The courts make many orders during a trial, and judges will invariably look to the parties for representations as to whether or not the order should be made. I anticipate that a judge will always seek representations before making an order. However, I would object to putting it on the face of the Bill that, before making the order, representations have to be considered. That would then mean that every time we give a court a power to make an order, it must do so only after making representations. What will then happen when we do not include such provisions?
The noble Baroness then asked about timing and payment for defence counsel. The particular provision on giving the defence statement to the jury does not seem to me to involve additional work on the part of the defence team, which, at the moment the judge considers giving it to the jury, will have to make a representation. But that will simply be part of the defence's preparation. I cannot give a further answer. I probably misunderstood the point.
Viscount Colville of Culross: I shall just say a word to support the noble and learned Lord the Attorney-General. I am sure that he is right that before a decision is made about giving a statement to the jury, counsel on both sides would be asked for their views. No judge would do something like that without seeking some sort of agreementor disagreement, in which case he would have to adjudicate. I should have thought it basic to the running of the court that that should happen.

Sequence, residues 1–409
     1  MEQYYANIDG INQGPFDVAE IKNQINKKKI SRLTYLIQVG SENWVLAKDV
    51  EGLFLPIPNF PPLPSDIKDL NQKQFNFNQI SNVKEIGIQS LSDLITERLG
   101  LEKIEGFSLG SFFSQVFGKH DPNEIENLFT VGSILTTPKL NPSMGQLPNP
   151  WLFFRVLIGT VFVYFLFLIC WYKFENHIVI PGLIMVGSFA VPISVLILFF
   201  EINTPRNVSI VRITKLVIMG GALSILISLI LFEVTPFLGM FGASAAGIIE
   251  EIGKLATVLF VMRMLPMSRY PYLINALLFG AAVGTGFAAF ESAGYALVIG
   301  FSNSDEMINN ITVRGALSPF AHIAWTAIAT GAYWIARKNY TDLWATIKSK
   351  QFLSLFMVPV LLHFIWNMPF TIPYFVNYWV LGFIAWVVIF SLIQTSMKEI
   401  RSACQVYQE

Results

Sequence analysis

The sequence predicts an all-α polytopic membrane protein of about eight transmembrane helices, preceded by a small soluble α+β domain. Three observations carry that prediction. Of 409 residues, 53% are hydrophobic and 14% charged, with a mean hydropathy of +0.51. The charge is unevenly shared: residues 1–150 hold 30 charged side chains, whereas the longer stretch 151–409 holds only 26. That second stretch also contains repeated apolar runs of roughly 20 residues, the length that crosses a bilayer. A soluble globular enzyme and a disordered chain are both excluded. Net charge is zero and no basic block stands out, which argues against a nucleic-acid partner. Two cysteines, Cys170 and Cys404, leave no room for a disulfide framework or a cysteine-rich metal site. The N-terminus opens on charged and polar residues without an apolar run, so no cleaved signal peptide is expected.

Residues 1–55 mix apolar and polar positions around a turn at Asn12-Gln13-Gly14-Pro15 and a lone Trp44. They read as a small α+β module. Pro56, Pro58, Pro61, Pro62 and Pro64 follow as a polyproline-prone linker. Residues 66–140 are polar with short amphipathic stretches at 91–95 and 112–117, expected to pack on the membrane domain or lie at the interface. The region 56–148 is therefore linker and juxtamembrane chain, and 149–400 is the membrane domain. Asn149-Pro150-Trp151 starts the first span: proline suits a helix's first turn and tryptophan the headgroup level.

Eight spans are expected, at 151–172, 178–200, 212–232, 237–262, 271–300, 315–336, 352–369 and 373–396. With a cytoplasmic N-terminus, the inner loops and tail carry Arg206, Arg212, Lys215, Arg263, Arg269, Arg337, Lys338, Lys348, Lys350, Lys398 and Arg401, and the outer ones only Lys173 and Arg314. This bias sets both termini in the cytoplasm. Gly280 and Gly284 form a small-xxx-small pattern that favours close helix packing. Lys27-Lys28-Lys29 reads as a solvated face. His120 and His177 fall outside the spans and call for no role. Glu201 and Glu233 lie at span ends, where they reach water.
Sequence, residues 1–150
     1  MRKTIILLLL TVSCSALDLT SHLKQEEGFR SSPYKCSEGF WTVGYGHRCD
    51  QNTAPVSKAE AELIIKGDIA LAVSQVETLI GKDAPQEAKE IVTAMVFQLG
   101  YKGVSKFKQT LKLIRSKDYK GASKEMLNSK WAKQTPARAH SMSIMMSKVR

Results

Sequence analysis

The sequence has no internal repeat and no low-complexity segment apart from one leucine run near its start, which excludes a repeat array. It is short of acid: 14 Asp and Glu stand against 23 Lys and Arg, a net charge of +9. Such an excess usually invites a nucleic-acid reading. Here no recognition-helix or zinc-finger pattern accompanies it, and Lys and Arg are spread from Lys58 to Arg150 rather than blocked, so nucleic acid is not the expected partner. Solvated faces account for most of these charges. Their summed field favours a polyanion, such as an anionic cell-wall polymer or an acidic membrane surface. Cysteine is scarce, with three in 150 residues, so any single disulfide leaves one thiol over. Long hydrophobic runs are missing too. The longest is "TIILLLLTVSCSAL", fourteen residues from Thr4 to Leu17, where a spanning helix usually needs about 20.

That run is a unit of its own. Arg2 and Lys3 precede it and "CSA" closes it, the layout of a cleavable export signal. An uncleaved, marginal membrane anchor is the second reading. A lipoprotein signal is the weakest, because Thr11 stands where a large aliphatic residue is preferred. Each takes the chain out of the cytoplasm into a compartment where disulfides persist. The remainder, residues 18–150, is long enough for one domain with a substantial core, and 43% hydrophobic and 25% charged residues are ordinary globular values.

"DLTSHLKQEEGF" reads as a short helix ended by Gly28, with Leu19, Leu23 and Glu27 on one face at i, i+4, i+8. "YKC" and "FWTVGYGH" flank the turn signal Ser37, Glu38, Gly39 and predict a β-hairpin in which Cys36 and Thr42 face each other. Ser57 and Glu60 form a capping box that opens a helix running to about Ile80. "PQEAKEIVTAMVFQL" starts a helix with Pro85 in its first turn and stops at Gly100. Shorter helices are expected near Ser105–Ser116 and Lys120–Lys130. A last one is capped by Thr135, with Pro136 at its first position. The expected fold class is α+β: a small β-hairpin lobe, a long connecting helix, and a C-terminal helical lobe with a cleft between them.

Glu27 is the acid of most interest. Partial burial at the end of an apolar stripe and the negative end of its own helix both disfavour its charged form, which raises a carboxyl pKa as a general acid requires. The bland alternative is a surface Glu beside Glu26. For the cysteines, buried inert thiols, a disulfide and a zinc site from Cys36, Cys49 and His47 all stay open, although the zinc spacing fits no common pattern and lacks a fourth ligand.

Baroness Anelay of St Johns: I am grateful to the noble and learned Lord for his response. This amendment was tabled as the direct result of a briefing from the Law Society. It is the Law Society's own drafting. I shall check its response to the Minister's remarks. In the last debate, my noble and learned friend Lord Mayhew of Twysden referred to occasions upon which one may not seek expert advice, but it can be volunteered. Such expert advice was volunteered by my husband on Saturday evening, and it concurred entirely with what the noble and learned Lord said, so I am not entirely surprised. However, I will check with the Law Society whether we should take this matter any further on Report. I beg leave to withdraw the amendment.
The noble Lord said: The purpose of the amendments in this group is simply to exclude from Clause 38, which deals with faults in defence disclosure, references to the failure of the accused to give a witness notice in time in relation to witnesses, or calling a witness who has not been adequately identified. In defending somebody, it is difficult to decide in advance whether a witness will be called. Almost by principle, defence witnesses are not called unless it is absolutely necessary so to do.